Turkish President Erdogan’s irrational behavior is about power, not religion.
by Konstanty Gebert
Has Turkey’s President Recep Tayyip Erdogan gone insane? Or is he implementing a secret agenda to turn the secular state Ataturk founded 91 years ago into an Islamic republic? The answers matter for the country, which is split 48/48 on its assessment of Erdogan’s performance; for the international community, which still counts on NATO member Turkey to be a regional force for stability; and for Jews and Israel. This summer the American Jewish Congress demanded that Erdogan return the “Profiles in Courage” award the group had bestowed on him in 2004 for his role in “bridging cultures.” The Turkish leader did so “with pleasure.”
The American Jewish Congress now says it considers him “arguably the most virulent anti-Israel leader in the world.” He has publicly denounced Israel as “committing genocide” and “worse than Hitler.” He also called on Turkey’s Jewish community to condemn Israel—while assuring the community that its safety will be “guaranteed.” A reconciliation meeting with the American Jewish Congress ultimately fell through. And various Israeli attempts to mend fences with Ankara after the Mavi Marmara flotilla incident in 2010 have remained fruitless.
Israel is not the only topic on which the Turkish president’s remarks keep him in the media spotlight. Just in November, he stated that Muslims, not Columbus, had discovered America. He has also said that “the West wants [Muslims] dead, they like to see our children die,” and that treating men and women equally “is against human nature.” December saw the president order school textbooks to be changed to give children as much exposure to Ibn Sina, an 11th-century Muslim philosopher and scientist, as to Albert Einstein. He also demanded that schools begin teaching Ottoman Turkish—written in Arabic script and abolished in 1928 in favor of modern Turkish written with Latin characters—“whether they want it or not.” Erdogan then went on to condemn both the Nobel Prize committees and the UN Security Council as “Christian bodies” and therefore biased against Muslims. He most recently denounced birth control as “treasonous.”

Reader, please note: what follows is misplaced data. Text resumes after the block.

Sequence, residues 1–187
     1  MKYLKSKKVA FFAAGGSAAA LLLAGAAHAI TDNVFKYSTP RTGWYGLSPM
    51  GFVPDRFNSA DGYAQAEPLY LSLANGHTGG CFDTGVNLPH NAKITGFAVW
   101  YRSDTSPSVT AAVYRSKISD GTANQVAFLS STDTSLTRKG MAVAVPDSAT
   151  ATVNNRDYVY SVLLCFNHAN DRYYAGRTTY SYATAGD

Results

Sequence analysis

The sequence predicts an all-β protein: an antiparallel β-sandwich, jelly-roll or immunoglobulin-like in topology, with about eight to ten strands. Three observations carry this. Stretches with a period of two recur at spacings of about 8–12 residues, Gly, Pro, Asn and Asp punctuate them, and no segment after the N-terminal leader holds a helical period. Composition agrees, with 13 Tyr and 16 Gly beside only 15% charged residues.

So is he nuts? Dr. Aytun Çiray certainly thinks so. “As a doctor, I do not think Erdogan is in his right mind. A psychiatrist had better study him,” he said in May 2014, after Erdogan threw a tantrum at a session of the State Council. Dr. Çiray is also deputy chairman of the CHP, Turkey’s main opposition party, so his professional judgment might not be unbiased. But at a meeting of the European Venture Capitalist Association in Istanbul in June 2013, Jochen Wermuth, CIO at Wermuth Asset Management, also asked Turkish Finance Minister Mehmet Simsek: “Is it time to call the doctor?” His concern was aroused by Erdogan’s statement that the pro-democracy Gezi Park protests were sponsored by an international “interest-rate lobby.”
If Erdogan is unbalanced, he isn’t alone. While Deputy Prime Minister Besir Atalay helpfully explained that the culprit in Gezi Park was in fact the “Jewish diaspora… jealous of Turkey’s growth,” another politico, Yigit Bulut, blamed Lufthansa—which, supposedly, is jealous of Turkey’s plan to build a third airport in Istanbul. Bulut was also worried that an international plot exists to kill Erdogan by telekinesis. This would be only marginally interesting, were Bulut not Erdogan’s chief economic adviser.